The Obama re-election campaign “is blowing smoke” with its claims that Securities and Exchange Commission documents about Mitt Romney’s role with Bain Capital should prompt a criminal investigation, a fact check by The Washington Post
The comments by campaign officials were prompted by recent revelations in the Boston Globe that SEC filings appear to show that Romney was still active in Bain after he left to run the Salt Lake City Olympics. The dates are important because of some of the investments made by Bain between 1999 and 2002.
"Romney and Bain claim that he was not involved with Bain, but Bain and its portfolio companies in their required filings under the Securities Exchange Act continuously certified to the Securities and Exchange Commission say precisely the opposite — asserting without qualification that he was a controlling person, fully in charge of Bain, under the Federal securities law. Under normal circumstances, the question of the truth of this representation would result in an investigation by the SEC into possible criminal, as well as civil, violations of the law," Robert Bauer, Obama’s campaign counsel, said, according to the Post.
However, the Post fact checker wrote, “we did not see much new in the Globe article.”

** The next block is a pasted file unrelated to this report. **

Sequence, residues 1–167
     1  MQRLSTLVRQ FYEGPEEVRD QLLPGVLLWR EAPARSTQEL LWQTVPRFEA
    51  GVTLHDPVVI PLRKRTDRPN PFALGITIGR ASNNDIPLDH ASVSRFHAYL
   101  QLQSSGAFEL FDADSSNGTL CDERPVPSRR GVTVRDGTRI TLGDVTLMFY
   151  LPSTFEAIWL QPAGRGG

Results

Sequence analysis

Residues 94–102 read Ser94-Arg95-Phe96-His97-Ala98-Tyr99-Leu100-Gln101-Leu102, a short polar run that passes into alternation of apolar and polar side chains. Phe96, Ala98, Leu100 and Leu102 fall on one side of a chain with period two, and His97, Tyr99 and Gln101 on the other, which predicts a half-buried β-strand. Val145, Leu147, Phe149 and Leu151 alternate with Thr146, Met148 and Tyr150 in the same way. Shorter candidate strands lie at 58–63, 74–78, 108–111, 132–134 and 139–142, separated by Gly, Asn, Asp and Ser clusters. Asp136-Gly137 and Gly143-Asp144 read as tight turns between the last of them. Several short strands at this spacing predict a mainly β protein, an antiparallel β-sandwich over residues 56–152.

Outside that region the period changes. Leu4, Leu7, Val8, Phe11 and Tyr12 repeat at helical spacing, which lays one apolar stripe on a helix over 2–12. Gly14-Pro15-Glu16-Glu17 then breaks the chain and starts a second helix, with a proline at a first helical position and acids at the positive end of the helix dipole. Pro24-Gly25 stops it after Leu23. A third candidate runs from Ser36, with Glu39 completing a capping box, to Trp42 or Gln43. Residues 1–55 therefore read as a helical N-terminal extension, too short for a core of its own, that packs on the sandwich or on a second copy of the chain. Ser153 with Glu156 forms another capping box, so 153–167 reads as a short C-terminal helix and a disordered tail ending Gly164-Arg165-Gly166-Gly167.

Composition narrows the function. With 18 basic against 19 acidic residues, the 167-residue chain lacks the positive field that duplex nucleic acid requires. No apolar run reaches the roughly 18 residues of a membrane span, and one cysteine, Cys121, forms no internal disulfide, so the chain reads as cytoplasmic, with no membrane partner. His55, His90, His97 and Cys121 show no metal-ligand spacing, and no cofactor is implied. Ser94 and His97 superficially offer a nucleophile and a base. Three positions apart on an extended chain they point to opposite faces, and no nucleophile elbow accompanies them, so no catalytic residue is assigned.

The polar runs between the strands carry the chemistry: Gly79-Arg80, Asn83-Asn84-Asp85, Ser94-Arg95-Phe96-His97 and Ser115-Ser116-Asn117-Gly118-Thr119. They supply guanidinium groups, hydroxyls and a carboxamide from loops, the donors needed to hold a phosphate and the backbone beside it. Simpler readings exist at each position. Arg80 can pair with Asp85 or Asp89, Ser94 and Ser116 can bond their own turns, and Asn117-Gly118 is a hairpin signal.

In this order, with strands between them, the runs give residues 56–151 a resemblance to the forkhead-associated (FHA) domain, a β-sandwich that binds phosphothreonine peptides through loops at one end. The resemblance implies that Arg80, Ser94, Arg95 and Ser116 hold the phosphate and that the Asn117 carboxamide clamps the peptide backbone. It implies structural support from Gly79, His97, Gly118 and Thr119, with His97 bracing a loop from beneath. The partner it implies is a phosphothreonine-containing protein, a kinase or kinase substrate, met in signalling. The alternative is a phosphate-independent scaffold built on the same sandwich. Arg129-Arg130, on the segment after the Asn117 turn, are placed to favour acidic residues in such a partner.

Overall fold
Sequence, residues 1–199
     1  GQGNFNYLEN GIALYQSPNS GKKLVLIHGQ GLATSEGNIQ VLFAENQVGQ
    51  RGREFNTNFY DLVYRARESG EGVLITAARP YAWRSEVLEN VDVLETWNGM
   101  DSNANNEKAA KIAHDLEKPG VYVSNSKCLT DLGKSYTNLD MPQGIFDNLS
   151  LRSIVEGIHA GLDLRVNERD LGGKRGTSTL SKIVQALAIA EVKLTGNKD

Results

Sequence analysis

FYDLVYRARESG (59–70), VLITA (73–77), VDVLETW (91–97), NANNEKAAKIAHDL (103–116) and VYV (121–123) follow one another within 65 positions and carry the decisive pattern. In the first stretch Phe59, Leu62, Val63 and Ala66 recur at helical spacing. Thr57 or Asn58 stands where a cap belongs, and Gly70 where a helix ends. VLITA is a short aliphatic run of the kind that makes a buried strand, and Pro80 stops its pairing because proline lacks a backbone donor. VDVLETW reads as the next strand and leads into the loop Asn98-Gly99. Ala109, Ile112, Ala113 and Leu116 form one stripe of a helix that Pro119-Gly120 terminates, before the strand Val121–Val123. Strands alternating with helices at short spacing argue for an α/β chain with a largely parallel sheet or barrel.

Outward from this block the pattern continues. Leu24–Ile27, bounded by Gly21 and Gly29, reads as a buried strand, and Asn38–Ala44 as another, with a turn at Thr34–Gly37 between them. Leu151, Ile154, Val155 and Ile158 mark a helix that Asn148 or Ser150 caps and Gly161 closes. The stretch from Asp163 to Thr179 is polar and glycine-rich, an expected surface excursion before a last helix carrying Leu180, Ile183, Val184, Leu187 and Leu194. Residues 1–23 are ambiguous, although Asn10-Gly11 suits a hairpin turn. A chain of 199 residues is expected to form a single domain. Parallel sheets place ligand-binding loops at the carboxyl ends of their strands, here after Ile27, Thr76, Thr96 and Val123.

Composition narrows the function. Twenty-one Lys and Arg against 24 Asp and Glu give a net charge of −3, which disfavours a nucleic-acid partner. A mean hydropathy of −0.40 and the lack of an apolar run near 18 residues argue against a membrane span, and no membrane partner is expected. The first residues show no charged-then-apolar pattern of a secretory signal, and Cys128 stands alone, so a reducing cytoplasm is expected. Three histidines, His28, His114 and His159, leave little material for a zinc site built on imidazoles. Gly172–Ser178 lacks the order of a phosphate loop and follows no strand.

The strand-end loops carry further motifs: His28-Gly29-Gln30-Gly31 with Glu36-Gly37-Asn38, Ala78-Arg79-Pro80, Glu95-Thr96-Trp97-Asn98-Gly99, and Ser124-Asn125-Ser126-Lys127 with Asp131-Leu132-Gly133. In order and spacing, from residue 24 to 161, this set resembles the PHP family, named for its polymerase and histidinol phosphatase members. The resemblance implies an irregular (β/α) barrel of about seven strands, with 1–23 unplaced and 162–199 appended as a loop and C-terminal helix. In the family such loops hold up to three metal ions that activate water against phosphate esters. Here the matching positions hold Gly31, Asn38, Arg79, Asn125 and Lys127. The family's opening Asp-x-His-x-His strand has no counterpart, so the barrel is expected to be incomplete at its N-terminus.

“We had examined many SEC documents related to Romney and Bain in January, and concluded that much of the language saying Romney was ‘sole stockholder, chairman of the board, chief executive officer, and president’ was boilerplate that did not reveal whether he was actually managing Bain at the time. (For instance, there is no standard definition of a ‘chief executive,’ securities law experts say, and there is no requirement for anyone to have any responsibilities even if they have that title.)”
Securities law experts told the Post that titles listed in the documents “are basically meaningless, that someone can be listed as a chief executive and actually have no responsibilities whatsoever.”
The Post noted that “there is grey area about Romney’s involvement with Bain in the 1999-2002 period,” but added that a 2002 Massachusetts Ballot Law Commission report that certified that Romney could run for governor concluded that Romney ended his work at Bain in 1999.
“The Obama campaign is blowing smoke here . . . The weight of evidence suggests that Romney did in fact end active management of Bain in 1999,” the Post concluded. “He stated that in a federal disclosure form he signed, under threat of criminal penalties. He said he was a ‘former employee’ in a state disclosure form. A state commission concluded 10 years ago that he did, indeed, leave Bain in 1999. Investors in Bain funds were told he was not part of the management team.”
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